Continuous improvement is about removing the things that get in the way of your work. The headaches, the things that slow you down, that's what continuous improvement is all about.
If your family has health insurance and an insured loved one is in need of a medical procedure, does the cost of that procedure matter to you? If you are a healthcare provider and there are two treatment options available that are likely to produce similar outcomes, how much does the price of each option affect the one you choose? When it comes to health and/or lifesaving interventions, what role should cost play? Given concerns over maximizing the effectiveness of healthcare dollars and government debates about healthcare reform, healthcare quality is now being graded not only on clinical outcomes, but also on the cost efficiencies with which those outcomes are achieved.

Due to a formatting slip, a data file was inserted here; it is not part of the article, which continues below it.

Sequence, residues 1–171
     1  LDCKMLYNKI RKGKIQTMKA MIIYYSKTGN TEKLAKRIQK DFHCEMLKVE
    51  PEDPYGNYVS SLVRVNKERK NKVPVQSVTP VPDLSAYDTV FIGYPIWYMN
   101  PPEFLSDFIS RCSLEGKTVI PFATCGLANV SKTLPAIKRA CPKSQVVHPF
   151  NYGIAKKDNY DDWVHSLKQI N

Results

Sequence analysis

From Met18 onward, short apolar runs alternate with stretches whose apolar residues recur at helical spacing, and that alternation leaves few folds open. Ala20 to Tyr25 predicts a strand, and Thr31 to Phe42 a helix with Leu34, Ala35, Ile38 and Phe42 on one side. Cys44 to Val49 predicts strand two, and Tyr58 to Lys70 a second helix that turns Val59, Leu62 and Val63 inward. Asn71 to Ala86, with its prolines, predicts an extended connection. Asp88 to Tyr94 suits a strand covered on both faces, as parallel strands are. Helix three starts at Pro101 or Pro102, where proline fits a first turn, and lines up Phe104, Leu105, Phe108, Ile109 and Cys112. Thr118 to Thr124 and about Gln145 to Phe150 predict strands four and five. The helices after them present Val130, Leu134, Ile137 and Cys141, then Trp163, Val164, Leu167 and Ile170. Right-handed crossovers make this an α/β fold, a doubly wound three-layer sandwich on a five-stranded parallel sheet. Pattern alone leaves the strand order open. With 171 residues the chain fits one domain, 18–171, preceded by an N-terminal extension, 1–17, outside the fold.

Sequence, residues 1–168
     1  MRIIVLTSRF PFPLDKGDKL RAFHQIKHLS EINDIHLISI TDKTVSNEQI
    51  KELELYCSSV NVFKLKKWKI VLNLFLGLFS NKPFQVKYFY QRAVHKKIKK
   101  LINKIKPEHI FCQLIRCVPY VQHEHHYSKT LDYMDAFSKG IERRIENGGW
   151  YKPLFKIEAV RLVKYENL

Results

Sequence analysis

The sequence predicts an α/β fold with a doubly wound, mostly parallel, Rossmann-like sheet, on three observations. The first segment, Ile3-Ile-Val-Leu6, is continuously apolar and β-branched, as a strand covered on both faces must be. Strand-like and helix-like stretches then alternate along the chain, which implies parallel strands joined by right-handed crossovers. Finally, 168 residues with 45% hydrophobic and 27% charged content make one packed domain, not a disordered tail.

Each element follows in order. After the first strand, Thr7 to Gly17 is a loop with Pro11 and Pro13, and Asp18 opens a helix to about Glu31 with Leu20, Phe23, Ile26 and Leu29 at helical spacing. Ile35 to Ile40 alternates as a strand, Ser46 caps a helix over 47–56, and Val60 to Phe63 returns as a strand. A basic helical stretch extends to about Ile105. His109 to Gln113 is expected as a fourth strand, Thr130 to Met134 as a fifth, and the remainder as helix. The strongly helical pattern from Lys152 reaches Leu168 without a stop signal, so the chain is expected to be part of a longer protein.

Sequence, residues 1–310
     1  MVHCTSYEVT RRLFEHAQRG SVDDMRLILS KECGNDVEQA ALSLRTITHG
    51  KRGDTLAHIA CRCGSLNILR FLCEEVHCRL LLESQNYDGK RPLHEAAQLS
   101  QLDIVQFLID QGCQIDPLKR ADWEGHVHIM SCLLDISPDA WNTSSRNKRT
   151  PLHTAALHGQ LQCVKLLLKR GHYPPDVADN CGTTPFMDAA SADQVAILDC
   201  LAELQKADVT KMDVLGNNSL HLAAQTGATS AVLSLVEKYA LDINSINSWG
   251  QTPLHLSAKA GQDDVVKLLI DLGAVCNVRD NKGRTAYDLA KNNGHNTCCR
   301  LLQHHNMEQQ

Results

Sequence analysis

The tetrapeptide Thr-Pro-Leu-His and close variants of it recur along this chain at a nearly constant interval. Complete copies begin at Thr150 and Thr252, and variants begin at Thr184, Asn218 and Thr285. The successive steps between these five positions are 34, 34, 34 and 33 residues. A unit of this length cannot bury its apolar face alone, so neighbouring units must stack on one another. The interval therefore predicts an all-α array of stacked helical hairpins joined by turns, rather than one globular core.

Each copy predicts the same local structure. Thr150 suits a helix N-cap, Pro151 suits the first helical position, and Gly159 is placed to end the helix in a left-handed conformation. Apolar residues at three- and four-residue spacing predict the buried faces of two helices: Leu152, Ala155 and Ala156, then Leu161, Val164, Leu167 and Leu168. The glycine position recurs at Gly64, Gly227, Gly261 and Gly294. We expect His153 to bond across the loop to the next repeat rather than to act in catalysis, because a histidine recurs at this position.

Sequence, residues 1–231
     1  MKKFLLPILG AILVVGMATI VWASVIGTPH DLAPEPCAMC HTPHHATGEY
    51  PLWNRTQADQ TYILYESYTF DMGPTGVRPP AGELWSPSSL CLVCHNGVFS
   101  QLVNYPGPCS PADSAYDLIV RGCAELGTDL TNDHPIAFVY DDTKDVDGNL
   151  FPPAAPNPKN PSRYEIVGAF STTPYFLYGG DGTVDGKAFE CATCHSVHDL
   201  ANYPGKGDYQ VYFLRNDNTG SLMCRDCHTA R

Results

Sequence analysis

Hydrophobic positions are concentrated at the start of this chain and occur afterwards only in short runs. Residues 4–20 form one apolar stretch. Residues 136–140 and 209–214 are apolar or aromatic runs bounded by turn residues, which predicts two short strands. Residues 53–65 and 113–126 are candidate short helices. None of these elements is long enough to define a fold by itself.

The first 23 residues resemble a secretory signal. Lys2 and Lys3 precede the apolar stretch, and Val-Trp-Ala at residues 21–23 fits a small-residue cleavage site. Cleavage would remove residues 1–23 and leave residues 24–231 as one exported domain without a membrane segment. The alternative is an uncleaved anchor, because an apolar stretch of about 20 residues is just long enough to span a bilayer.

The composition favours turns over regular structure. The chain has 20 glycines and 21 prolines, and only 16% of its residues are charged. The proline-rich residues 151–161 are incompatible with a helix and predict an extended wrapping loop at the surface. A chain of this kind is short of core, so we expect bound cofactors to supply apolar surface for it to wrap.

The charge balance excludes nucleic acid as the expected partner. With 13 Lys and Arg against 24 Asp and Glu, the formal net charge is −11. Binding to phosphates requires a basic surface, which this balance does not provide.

Dr. Jan Tillisch, professor of clinical medicine and executive vice chair, Department of Medicine at UCLA, notes, "These efficiency concerns are not new to the people who have done health service research, but they are increasing in the public debate. People are talking a lot more about compared effectiveness research. In the federal government's economic stimulus package, more than $1 billion was allocated for compared effectiveness research." Dr. Michael Steinberg, chair of Radiation Oncology at UCLA, adds, "We live in a country where the demand for healthcare and technology is very high. You've seen the graphs; the percentage of U.S. gross national product allocated to healthcare is twice that of Europeans and Canadians. Our cost per capita is twice as much. Citizens in other countries have a much lower demand for technologically driven care. Some of these cost differentials are system-based, and some are cultural." From Dr. Steinberg's perspective, professionals in the U.S. healthcare system have not done a very good job of sitting down and explaining the trade-offs to patients. Specifically, Dr. Steinberg clarifies, "I'm not talking about money necessarily, but about having conversations like, 'Will this technology actually work?' We have some phenomenal devices. There is a robotic device for doing surgery on prostate cancer—the Da Vinci robot—and it tells a great story. It costs more than $2,000,000. You can magnify the surgical field three times larger. In a place where a human hand can throw about six or seven sutures, it can throw ten. When you go back and look at the outcomes, however, findings suggest that the results that the robot produces may not be substantially better than those from other surgeries. Now more than ever, quality has to come with questions like, will it work and is it worth the cost?" Increasingly, in all business endeavors, the issue of quality comes with the question, "At what cost?" Companies that deliver efficient quality wrapped in a maximized experience will enjoy a competitive advantage.